- Score of 25: You are financially independent!!
- Score of 30: Your investments are making more than you spend.
- Anything above 30: Sit back and relax, you’re golden!
In the event you are dying to know, my PF Score would be around 18.
So on one hand I love the simplification of giving you and idea of where you are at in life financially. Yet I do have one major beef with the idea. The original author states when your PF score is at 25 you hit financial independence, but that isn’t correct. Why? Because it assumes that you can turn your dead weight assets like your home equity or car equity into an income stream. Which is possible in some cases like a rental suite in your home, but unlikely for the majority of people.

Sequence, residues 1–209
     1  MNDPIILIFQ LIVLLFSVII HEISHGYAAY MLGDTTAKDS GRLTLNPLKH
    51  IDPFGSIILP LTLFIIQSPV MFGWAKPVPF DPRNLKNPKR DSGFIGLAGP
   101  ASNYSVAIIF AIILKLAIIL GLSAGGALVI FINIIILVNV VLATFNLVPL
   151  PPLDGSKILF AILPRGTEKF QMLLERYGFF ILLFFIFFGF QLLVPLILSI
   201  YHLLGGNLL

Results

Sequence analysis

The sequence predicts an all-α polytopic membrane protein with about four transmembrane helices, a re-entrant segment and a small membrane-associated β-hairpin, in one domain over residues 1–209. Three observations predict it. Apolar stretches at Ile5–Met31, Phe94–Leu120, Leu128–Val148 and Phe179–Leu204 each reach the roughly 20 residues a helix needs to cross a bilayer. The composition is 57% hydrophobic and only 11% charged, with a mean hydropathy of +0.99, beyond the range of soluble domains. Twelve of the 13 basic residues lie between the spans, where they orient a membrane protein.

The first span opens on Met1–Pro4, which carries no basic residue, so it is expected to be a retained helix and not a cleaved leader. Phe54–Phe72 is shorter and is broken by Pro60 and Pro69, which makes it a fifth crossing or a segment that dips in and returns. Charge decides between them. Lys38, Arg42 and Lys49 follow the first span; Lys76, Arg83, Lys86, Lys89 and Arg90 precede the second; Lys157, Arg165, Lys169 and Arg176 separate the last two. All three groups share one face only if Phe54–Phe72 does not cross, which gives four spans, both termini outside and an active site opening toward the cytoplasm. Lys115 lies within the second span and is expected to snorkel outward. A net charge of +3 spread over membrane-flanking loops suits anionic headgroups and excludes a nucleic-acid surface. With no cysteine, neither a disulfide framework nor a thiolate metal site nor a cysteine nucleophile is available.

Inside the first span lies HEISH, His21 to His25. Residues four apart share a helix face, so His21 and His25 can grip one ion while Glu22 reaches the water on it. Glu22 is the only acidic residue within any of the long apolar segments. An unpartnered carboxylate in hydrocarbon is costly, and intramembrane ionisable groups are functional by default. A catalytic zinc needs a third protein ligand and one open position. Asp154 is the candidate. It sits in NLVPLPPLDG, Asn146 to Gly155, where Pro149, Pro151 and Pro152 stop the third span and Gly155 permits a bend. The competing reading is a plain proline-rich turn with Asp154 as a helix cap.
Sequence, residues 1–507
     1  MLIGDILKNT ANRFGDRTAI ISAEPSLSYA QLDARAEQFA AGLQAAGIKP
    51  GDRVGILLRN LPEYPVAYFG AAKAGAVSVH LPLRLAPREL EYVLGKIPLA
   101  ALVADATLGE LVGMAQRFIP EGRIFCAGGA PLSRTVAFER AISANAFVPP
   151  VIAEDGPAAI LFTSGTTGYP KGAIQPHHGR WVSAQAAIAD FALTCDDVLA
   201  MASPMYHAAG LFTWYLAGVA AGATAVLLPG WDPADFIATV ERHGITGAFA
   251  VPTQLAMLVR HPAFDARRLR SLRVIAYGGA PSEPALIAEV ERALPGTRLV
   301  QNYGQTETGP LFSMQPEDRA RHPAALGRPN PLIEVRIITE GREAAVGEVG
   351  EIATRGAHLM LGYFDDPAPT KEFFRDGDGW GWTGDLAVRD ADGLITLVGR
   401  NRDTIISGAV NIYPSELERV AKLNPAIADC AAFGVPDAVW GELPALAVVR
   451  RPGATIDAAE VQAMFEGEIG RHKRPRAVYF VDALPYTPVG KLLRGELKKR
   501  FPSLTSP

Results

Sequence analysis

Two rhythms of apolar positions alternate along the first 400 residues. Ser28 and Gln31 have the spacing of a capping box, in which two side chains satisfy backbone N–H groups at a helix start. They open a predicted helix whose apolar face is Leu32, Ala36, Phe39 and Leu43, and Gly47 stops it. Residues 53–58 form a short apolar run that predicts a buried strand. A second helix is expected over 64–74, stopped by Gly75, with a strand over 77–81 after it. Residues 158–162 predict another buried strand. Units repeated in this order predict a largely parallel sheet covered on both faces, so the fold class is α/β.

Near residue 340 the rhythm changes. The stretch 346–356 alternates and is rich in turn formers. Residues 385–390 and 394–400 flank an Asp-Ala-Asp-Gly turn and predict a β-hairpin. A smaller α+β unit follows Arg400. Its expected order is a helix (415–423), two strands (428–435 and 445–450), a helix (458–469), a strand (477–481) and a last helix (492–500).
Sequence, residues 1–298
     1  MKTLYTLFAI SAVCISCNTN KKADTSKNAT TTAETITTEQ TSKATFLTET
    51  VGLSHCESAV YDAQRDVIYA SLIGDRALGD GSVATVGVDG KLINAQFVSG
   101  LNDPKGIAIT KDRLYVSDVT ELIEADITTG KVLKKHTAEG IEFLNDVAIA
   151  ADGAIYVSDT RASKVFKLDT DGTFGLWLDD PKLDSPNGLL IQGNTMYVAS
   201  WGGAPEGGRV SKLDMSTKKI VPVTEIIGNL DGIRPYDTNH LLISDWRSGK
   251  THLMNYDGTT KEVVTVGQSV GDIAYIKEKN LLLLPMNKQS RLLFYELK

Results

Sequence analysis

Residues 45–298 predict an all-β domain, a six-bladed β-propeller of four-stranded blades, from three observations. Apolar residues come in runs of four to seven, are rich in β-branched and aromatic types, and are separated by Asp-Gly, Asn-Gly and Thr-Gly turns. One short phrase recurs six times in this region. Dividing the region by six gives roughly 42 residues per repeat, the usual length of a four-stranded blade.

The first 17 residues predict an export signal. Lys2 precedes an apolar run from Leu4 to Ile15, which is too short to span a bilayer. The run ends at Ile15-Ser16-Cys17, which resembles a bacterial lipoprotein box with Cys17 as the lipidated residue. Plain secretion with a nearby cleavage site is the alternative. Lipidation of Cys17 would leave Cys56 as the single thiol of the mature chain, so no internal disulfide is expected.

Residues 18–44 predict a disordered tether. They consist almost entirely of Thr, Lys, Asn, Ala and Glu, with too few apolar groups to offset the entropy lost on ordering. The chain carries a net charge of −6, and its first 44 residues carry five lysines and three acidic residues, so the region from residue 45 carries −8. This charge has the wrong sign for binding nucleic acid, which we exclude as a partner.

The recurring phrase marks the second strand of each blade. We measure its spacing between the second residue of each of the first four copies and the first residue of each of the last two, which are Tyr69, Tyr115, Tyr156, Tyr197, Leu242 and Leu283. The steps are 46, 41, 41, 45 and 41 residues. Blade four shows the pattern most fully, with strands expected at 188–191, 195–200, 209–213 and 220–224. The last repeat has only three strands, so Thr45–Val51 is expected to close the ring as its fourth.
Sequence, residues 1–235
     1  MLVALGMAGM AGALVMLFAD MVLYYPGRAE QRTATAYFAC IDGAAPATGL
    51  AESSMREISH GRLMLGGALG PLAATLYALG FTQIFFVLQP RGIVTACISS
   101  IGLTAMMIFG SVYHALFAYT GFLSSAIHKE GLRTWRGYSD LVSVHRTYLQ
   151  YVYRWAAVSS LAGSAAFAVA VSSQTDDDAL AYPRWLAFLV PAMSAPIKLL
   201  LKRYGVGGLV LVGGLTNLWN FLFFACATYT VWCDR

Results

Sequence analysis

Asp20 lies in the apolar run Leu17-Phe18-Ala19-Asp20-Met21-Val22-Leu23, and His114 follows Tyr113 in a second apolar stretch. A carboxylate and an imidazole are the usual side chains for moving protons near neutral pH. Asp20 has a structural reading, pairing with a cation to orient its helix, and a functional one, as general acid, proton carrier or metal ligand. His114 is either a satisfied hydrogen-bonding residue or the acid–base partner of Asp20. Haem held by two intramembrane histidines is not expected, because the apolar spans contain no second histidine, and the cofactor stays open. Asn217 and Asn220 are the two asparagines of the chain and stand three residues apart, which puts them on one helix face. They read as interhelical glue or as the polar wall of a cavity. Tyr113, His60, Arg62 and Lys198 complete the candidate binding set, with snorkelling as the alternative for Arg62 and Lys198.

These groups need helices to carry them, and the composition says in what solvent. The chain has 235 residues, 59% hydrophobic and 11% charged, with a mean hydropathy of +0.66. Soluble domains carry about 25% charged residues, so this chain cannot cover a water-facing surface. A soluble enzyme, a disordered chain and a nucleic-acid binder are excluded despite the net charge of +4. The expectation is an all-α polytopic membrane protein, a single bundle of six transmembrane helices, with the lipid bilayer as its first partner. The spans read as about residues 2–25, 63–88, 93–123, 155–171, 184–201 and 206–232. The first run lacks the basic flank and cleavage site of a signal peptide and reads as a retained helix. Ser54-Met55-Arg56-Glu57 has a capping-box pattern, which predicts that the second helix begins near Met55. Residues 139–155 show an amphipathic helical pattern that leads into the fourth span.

Paying off your mortgage for example, is a good thing and it should increase your PF Score, but the real boost to your score happens when you finish your mortgage and your spending drops.
So should we do? Well I still like the idea of the PF Score and the basic setup, I would just caution changing the scale a bit. I would shift 25 to “You are doing great now.” Then at a score of 30 state “You are likely close to financially independent. Congratulations and you might want to start looking at a life with no work if you want.”
The exact spot of hitting FI will depend entirely on what multiple of house cost to your annual spending, but based on a few Google searches in Canada at least the average house cost is $389,119 (in Jan 2014) and the most recent average spending by household was $56,279 (in 2012). So divide those two out and you get 6.9, so let’s round to 7. So add 7 to the original scale of 25 and there we go a PF Score of 32 should mean you are financially independent in Canada at least. Obviously this depends on your particular numbers, but if we are dealing in general statements they works just fine.